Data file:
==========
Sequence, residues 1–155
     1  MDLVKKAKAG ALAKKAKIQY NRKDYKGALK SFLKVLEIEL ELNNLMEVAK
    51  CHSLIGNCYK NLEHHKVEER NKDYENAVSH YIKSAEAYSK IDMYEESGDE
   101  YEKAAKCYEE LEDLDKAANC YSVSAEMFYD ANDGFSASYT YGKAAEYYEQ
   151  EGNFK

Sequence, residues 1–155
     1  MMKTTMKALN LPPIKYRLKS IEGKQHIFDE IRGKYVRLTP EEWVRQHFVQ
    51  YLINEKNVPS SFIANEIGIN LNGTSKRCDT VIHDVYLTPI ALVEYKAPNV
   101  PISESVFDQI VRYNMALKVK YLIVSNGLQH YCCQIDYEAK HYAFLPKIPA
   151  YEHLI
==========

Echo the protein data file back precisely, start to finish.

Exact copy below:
Sequence, residues 1–155
     1  MDLVKKAKAG ALAKKAKIQY NRKDYKGALK SFLKVLEIEL ELNNLMEVAK
    51  CHSLIGNCYK NLEHHKVEER NKDYENAVSH YIKSAEAYSK IDMYEESGDE
   101  YEKAAKCYEE LEDLDKAANC YSVSAEMFYD ANDGFSASYT YGKAAEYYEQ
   151  EGNFK

Sequence, residues 1–155
     1  MMKTTMKALN LPPIKYRLKS IEGKQHIFDE IRGKYVRLTP EEWVRQHFVQ
    51  YLINEKNVPS SFIANEIGIN LNGTSKRCDT VIHDVYLTPI ALVEYKAPNV
   101  PISESVFDQI VRYNMALKVK YLIVSNGLQH YCCQIDYEAK HYAFLPKIPA
   151  YEHLI